Today, with renewed interest in natural fibres and the high cost of petroleum, henequen is enjoying resurgence. A very few of the old haciendas have been restored to their former glory. The 100 year old equipment is operational again and pounding out henequen fibre. As an intentional time warp, the employees dress and work just as their great grandfathers resulting in old industry revival and a new industry as tourists flock to see history replayed.
The haciendas are remarkable living things. In their day, they were essentially company towns. To attract workers, the owners supplied housing, churches, medical care and the infamous company store where employees has to spend their hard earned wages. Before long, the employees were deeply in debt and in reality were indentured slaves.
Men either worked in the fields or in the production plants. The workers took great pains to cultivate the henequen plants in straight rows over hundreds of acres. A henequen plant takes seven years before it produces leaves with fibre content. It will live a total of twenty years, after which a huge spike like trunk emerges from the centre of the plant and it dies. In its death throes, it produces seven off-springs which are duly planted to keep the process going. Each year, only five to seven leaves can be cut from a mature plant for processing at the plant.
To get the leaves from the fields to the plant, extremely light gauge rail, very reminiscent of a Lionel train set, was installed throughout the fields. Wagons full of leaves are hauled by mules that skitter from one side of the track to the other in a show of exertion. The sight gives an entirely Mexican meaning to the term mule train. Today, the same wagons do double duty hauling tourists around the hacienda.
The leaves are taken to a two storey production plant that is not much greater than 20 feet by 40 feet. The equipment is on the second floor. Leaves are placed on a mechanical ladder which takes them to a conveyor belt where four men ensure that they are right side up before entering a processor which is probably no more than two feet wide. Whatever happens in that short distance, I have no idea but the only thing to emerge at the other side is a bundle of sopping wet fibre that is bound and dropped down a railing to the ground level. The pulp is disbursed out of the bottom of the machine and drops into a hopper car for transfer to the largest compost pile you will ever see. The water is also captured and sent to a sprinkler system that blesses a small patch of grass.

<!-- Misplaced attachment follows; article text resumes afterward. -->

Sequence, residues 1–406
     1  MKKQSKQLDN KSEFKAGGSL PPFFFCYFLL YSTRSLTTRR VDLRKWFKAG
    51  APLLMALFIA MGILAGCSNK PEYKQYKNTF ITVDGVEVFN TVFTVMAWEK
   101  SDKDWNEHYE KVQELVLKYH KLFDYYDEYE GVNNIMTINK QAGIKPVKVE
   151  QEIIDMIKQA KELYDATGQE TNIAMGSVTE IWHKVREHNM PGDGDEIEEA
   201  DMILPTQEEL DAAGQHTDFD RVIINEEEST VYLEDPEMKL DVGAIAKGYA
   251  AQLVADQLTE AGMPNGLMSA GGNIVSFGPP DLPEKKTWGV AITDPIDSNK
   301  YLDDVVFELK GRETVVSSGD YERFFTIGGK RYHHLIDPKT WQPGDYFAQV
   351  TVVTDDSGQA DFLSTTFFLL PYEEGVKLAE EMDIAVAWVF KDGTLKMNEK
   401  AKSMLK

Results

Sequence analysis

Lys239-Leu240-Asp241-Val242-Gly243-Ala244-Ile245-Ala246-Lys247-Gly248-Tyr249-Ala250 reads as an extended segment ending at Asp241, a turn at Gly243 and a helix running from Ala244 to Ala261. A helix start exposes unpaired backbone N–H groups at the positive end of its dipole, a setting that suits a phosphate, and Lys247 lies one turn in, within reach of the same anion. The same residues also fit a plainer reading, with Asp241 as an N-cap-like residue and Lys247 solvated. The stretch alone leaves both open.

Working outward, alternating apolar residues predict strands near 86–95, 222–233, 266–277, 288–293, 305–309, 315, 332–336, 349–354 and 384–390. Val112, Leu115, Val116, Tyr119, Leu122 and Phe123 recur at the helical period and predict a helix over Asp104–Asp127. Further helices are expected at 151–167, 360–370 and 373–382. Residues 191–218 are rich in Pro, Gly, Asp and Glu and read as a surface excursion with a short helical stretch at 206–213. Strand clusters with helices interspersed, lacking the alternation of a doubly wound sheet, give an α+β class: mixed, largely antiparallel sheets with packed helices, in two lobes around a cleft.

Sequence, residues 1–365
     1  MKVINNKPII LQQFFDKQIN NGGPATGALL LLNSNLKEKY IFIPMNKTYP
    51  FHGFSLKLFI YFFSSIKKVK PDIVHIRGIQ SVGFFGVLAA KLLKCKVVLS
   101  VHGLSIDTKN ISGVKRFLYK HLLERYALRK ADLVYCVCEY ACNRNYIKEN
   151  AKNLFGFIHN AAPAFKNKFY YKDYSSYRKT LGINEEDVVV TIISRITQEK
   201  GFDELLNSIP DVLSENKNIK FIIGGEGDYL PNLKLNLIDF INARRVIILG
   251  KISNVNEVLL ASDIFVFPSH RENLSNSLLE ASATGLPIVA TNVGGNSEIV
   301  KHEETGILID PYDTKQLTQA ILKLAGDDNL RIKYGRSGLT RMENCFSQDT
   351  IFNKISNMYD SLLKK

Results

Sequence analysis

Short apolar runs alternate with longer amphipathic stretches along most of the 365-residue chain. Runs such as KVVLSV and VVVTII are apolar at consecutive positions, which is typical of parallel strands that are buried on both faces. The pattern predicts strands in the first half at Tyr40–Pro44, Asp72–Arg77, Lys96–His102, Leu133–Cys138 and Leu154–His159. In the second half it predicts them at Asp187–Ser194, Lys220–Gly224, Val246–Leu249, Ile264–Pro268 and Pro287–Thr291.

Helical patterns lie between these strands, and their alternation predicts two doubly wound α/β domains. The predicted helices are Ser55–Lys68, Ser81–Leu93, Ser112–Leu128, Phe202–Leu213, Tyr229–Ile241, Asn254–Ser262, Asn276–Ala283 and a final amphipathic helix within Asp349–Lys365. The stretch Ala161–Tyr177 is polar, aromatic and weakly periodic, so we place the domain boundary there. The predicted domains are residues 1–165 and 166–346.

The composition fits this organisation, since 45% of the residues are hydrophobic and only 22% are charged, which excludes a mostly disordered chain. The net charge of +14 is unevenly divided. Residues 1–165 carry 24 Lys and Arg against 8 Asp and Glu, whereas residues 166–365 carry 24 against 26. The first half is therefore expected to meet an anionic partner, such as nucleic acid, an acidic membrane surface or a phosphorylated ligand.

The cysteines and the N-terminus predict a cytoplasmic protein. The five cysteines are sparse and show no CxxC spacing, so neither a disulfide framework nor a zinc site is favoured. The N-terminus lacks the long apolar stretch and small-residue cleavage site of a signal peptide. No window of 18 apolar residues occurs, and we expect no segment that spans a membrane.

The fiber cannot be processed until dry and a team of men on the ground floor hang it on iron rails. Picture a million blonde witch’s wigs on clothes lines. Once dry, the “sisal” is sent to a baling plant for preparation for shipment to plants that make rope, shopping bags and other assorted product.
I have to confess that the history of the henequen industry was fascinating to me. The wealth, the opulence, the rise and the fall and the hardships of the working families have the makings of a great novel or a TV series like Dallas. Surely someone will take up this challenge.
A highlight of visiting an operating henequen ranch in Merida is a visit to a cenote. A community as large as a hacienda needs a reliable water supply. This is provided by underground rivers and lakes that exist throughout the northern Yucatan. At the particular ranch we visited, a set of stone stairs descended about 20 feet to a small opening in the roof of a cave. The bottom of the cave was filled with crystal clear water which had a depth of 6 to 22 feet. Wooden stairs took us to the water’s edge and we were permitted to swim. Towels, goggles and life jackets were provided. The cave was lit with low ambient electric lights. Stalactites descended from the ceiling although most had been cut to prevent injury to visitors. The water was an absolutely perfect temperature and the eerie silence of the cave provided a really special sensation.